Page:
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August 21, 2021

Pictures of Young Women Doing the Limbo Dance at a Los Angeles Night Club, California in 1964

The Límbó (Limmm-Bó) is a unique dance and is also known as the “Under Stick Dance.” The limbo dance, originally a ritual performed at ‘wakes’ in Trinidad from the mid or late 19th century, does not appear to have any roots in West Africa where most African traditions within the diaspora have emerged.

It is believe, that the people of Trinidad during this dance portrayed going down in the hold of a slave ship which carried them off into slavery. No matter how they twist or turn squirmed or arched they would go deeper and deeper, some would make it, some would not. The dextrous position had to be retained because the space between the upper deck and floor was narrow, designed for packing and not standing, hence it asically they were going into Limbo.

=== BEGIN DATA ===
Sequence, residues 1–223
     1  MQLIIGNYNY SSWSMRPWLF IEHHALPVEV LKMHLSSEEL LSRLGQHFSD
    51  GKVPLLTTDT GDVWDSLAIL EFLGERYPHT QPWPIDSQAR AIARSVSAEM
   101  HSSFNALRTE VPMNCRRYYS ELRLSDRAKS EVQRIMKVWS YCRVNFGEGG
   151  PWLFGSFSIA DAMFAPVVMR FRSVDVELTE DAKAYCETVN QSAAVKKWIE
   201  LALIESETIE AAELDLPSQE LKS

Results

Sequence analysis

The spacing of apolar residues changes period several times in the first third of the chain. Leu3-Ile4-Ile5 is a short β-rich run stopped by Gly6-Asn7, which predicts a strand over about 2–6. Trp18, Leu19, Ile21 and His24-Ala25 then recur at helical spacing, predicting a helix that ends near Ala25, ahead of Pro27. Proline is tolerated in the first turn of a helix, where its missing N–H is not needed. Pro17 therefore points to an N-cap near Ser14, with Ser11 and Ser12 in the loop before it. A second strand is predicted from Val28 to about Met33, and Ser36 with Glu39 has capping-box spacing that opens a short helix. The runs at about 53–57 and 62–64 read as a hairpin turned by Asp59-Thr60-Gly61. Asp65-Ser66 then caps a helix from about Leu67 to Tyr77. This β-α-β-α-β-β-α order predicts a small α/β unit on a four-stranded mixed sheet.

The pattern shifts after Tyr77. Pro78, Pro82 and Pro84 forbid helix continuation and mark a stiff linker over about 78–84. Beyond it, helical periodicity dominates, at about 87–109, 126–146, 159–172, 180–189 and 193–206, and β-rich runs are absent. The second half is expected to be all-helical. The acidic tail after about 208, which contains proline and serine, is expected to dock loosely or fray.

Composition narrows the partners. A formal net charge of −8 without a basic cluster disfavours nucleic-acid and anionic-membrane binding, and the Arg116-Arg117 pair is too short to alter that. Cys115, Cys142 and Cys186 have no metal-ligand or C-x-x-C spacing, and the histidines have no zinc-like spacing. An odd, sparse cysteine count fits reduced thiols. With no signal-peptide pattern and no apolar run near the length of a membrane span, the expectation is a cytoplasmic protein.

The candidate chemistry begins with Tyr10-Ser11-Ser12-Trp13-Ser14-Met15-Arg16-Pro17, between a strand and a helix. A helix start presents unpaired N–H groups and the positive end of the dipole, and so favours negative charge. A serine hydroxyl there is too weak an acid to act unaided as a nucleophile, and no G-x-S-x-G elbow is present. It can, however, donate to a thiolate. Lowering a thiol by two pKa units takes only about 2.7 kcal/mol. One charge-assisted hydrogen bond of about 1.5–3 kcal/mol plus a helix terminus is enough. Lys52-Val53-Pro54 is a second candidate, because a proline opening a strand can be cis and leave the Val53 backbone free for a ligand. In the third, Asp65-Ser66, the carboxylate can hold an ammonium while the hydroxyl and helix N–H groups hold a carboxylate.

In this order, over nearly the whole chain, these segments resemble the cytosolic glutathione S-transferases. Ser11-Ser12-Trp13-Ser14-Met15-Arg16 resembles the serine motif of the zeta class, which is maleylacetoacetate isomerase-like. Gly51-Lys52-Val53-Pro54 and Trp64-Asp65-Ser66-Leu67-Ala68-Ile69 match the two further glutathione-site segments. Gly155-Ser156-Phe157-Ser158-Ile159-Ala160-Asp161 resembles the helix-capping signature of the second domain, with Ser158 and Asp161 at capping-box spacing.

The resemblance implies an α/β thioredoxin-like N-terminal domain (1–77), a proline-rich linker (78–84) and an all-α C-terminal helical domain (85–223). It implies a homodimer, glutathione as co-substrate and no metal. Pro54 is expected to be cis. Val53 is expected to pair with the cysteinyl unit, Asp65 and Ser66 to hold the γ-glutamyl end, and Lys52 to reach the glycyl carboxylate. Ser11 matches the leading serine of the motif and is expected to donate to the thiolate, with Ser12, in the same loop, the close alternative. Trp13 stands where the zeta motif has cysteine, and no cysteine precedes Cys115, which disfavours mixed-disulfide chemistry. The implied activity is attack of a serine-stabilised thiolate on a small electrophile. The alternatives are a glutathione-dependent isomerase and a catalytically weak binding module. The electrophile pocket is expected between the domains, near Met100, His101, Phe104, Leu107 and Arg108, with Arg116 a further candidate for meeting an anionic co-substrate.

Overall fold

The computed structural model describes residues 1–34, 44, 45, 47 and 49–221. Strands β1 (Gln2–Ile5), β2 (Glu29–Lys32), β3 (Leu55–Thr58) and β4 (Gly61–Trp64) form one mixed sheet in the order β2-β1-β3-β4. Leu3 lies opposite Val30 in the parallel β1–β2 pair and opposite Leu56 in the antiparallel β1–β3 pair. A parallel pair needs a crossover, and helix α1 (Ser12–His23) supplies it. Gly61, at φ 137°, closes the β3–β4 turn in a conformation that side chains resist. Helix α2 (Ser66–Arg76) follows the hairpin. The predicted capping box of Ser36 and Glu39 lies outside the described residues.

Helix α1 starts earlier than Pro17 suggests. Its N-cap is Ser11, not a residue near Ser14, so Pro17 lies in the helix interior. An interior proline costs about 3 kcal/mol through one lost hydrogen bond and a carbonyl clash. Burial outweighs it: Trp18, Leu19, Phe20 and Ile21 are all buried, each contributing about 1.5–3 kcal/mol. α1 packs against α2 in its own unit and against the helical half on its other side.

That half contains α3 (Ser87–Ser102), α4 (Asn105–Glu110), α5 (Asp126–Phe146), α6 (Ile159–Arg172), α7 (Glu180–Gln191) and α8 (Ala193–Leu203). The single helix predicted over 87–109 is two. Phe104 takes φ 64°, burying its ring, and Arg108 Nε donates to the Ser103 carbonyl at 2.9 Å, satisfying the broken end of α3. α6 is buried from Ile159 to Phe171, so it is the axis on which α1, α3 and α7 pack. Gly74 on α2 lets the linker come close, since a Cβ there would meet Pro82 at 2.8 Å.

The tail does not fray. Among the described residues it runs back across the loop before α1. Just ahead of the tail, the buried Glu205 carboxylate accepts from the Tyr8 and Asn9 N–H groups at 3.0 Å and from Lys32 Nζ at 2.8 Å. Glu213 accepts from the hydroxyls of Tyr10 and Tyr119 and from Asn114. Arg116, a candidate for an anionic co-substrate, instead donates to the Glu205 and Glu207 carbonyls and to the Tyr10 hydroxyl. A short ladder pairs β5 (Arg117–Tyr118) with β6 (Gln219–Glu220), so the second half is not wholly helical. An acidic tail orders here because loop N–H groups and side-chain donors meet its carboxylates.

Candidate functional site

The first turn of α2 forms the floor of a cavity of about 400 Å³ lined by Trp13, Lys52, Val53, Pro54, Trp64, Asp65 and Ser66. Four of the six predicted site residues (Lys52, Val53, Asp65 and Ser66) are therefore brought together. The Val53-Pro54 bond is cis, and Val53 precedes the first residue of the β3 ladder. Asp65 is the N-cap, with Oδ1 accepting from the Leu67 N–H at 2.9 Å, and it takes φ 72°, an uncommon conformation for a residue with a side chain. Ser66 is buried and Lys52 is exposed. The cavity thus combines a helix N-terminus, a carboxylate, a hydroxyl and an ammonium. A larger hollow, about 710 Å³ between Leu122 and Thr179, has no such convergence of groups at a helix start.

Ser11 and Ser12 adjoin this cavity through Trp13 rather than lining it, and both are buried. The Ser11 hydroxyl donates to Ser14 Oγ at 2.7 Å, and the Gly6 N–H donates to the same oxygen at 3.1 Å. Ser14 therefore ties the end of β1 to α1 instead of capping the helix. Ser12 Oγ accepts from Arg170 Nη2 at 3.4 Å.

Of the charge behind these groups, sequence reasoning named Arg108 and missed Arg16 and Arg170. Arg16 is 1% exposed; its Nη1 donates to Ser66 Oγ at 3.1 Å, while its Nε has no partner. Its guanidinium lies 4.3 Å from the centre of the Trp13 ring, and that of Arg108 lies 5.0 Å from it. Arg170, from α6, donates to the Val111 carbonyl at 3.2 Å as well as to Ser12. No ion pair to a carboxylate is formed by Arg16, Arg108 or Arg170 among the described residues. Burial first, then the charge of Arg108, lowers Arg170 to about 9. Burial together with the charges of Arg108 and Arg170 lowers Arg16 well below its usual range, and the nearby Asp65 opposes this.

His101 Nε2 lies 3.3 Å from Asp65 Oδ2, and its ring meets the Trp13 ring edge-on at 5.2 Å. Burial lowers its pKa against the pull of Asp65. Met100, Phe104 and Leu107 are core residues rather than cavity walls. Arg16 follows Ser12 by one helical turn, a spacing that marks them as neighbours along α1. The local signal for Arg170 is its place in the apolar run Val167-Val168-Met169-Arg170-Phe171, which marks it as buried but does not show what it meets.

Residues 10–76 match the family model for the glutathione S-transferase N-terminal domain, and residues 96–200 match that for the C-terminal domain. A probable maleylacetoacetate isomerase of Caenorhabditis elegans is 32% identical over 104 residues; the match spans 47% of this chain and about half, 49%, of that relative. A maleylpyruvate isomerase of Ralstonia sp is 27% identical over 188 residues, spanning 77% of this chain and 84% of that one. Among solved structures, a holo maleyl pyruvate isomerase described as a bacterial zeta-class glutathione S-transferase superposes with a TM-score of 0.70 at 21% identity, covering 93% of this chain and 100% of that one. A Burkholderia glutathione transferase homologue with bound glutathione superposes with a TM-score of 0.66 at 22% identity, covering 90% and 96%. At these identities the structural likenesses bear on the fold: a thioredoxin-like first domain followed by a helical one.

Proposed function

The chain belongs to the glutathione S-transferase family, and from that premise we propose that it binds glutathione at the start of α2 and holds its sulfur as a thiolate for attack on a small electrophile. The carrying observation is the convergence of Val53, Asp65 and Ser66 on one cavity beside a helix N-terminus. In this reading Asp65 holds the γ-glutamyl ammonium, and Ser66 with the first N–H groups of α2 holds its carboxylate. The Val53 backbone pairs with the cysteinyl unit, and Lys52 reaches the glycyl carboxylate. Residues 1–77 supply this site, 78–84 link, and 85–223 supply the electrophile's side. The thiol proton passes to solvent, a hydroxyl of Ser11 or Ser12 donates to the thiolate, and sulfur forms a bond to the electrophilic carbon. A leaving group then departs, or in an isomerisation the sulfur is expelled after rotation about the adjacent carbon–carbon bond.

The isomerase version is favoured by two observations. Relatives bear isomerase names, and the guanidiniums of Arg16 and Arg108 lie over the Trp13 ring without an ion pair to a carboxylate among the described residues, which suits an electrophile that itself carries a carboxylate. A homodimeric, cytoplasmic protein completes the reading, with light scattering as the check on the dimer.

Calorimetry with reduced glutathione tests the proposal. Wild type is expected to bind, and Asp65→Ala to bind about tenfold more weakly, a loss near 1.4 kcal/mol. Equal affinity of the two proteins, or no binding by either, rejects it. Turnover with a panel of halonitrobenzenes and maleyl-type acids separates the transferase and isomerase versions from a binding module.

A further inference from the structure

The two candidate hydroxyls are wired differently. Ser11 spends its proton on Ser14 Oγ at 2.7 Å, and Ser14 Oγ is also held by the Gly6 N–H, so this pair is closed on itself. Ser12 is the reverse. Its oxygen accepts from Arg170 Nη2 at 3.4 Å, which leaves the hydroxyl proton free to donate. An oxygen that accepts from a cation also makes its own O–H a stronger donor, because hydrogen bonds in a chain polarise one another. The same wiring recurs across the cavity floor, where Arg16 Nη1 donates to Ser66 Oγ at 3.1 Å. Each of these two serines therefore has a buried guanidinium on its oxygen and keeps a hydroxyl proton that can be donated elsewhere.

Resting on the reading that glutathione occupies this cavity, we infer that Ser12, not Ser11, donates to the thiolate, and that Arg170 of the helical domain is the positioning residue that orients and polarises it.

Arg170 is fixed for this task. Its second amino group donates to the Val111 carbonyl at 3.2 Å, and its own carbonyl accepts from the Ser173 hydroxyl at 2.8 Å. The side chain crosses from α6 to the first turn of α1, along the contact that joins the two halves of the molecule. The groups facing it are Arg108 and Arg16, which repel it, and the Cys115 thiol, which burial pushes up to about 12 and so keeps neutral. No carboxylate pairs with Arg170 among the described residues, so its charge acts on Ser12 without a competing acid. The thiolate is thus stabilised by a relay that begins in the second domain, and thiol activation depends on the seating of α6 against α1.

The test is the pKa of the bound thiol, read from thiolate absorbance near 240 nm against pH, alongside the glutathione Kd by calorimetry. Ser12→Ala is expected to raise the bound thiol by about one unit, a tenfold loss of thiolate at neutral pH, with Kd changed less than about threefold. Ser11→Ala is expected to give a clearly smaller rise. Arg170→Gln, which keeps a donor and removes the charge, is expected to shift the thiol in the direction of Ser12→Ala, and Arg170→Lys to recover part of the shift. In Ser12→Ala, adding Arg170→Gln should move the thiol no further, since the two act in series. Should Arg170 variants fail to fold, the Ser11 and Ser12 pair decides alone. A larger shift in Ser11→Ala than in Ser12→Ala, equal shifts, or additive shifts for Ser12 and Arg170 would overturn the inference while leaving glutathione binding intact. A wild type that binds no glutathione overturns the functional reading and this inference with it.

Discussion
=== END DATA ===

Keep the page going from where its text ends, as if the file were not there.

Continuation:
The dance was popularized in the 1950s by dance pioneer Julia Edwards (known as the First Lady of Limbo) and her company which appeared in several films, in particular Fire Down Below (1957), and toured widely in the Caribbean, Europe, North America, South America, Asia, and Africa in the 1960s and later. Here, below are some interesting photographs of young women doing the limbo dance at a Los Angeles night club in 1964:

(Photos by Earl Leaf/Getty Images)


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